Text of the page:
How many names does God have? If you do a google search, you’ll get answers from seven to over a hundred. That inconsistency can cause confusion until you understand what a name is.
A name can be a legal proper name, how you address a person, a title they bear, a pet or nickname, or an attribute (something that describes them or a characteristic of theirs). In the Bible, we find two names God decrees as his, but we find many more names people have given him. There are also names given to God through prophecy, as well as scriptures where God refers to himself with a name. What are the names of God?
Names of God in the Bible
Throughout the Bible, people have given many names to or for God. Sometimes they were given in response to something God had done, other times they were to describe who he is. Let's take a look at some of the most popular names of God.
Most familiar use Jehovah, a variant of Yahweh, which is translated into English as LORD. These are:
- Jehovah Jireh: The LORD our provider (Genesis 22:14)
- Jehovah Rapha: The LORD our Healer (Exodus 15:26)
- Jehovah Nissi: The LORD our Banner (Exodus 17:15)
- Jehovah Shalom: The LORD our Peace (Judges 6:24)
- Jehovah Raah: The LORD our Shepherd (Psalms 23:1)
- Jehovah Tsidkenu: The LORD our Righteousness (Jeremiah 23:6)
- Jehovah Shammah: The LORD is Here (Ezekiel 48:35)
Other names of God in Scripture:
- Abba Father: For you have not received a spirit of slavery leading to fear again, but you have received a spirit of adoption as sons by which we cry out, “Abba! Father!” (Romans 8:15).
- Adonai: Adonai is a Hebrew word that translates as "Lord" of "Lord Master" from its derivation "sovereignty". In 1 Samuel 24:8, when David has the chance to take the life of the King of Israel, Saul, who is trying to kill him, and he chooses to spare Saul, he emerges from a cave he has been hiding and calls Saul, “My lord,” its root form in the Hebrew similar to Adonai.
- Alpha and Omega: In the last book of the Bible, Jesus reveals himself as "the Alpha and the Omega, the First and the Last, the Beginning and the End." Present at the world's beginning, Jesus will also be present at its end, when he and his work are finally and fully revealed. "I am the Alpha and the Omega, the First and the Last, the Beginning and the End." Revelation 22:13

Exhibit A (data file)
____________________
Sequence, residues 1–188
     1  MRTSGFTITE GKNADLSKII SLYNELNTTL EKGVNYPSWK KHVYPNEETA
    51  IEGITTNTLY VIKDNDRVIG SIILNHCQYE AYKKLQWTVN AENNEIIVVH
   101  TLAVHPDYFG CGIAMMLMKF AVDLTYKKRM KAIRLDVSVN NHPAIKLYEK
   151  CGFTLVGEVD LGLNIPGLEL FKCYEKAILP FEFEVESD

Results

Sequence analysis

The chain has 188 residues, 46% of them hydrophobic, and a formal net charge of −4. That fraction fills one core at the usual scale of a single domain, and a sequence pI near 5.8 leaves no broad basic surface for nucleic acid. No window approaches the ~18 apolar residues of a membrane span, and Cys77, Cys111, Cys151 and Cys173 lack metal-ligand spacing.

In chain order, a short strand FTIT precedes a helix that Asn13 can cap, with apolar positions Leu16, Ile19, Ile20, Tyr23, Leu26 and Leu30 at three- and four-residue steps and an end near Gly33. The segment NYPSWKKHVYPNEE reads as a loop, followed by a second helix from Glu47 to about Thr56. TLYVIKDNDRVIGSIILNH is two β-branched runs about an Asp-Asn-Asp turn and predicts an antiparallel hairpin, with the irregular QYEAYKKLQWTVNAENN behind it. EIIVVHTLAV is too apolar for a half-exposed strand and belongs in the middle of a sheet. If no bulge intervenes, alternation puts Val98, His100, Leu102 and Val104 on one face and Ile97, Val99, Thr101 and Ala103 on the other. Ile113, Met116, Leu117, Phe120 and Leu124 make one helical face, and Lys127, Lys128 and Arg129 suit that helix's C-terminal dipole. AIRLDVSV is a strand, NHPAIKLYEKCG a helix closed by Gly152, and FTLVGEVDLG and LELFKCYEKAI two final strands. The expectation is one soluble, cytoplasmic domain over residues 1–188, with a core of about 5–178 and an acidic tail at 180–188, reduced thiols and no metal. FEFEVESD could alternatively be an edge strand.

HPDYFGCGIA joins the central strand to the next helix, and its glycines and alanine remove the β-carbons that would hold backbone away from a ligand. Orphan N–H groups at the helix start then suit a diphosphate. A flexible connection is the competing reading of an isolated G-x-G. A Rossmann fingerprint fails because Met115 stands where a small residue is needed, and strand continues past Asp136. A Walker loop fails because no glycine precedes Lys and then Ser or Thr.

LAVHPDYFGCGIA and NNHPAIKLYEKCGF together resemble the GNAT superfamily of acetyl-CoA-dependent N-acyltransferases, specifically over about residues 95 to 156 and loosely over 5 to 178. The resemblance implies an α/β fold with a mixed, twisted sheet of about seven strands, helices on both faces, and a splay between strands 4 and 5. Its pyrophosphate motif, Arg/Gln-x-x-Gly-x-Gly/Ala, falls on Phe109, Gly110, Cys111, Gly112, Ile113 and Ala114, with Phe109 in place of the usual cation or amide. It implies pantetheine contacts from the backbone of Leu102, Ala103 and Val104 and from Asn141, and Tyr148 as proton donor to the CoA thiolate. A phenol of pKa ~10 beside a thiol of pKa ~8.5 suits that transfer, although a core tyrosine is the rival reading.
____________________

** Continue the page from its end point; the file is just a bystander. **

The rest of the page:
- Ancient of Days: God is referenced as the "Ancient of Days" three times in the book of Daniel, chapter 7. It was the venerable appearance of old age that was uppermost in the writer's mind. "What Daniel sees is not the eternal God Himself, but an aged man, in whose dignified and impressive form God reveals Himself
- El Roi: "The God who sees me" - used by Hagar in Genesis 16.
- Elohim: Elohim is the Hebrew word for God that appears in the very first sentence of the Bible. Genesis 1:1 says, "In the beginning God created the heaven and the earth." It literally says, "In the beginning Elohim, Elohim created the heaven and the earth." The term "Elohim" means “supreme one” or “mighty one”.
- El Elyon: El Elyon, God Might High, or sometimes LORD Most High is used through Scripture to refer to the LORD, Creator of heaven and earth. Psalm 57:2 says, “I cry out to God Most High, to God who fulfills his purpose for me.”
- Jesus: On the eighth day, when it was time to circumcise the child, he was named Jesus, the name the angel had given him before he was conceived (Luke 2:21)
- Friend of Sinners: The Son of Man came eating and drinking, and they say, ‘Here is a glutton and a drunkard, a friend of tax collectors and sinners.’ But wisdom is proved right by her deeds (Matthew 11:19).
Names of God Found in Prophecy
In the prophecies regarding Jesus, he’s given many names.
- Wonderful Counselor. Mighty God. Everlasting Father. Prince of Peace: For to us a child is born, to us a son is given, and the government will be on his shoulders. And he will be called Wonderful Counselor, Mighty God, Everlasting Father, Prince of Peace (Isaiah 9:6).
- Ruler of Israel: “But you, Bethlehem Ephrathah, though you are small among the clans of Judah, out of you will come for me one who will be ruler over Israel, whose origins are from of old, from ancient times” (Micah 5:2).
- Immanuel: Therefore the Lord Himself will give you a sign: Behold, the virgin will be with child and will give birth to a son, and she will call Him Immanuel (Isaiah 7:14).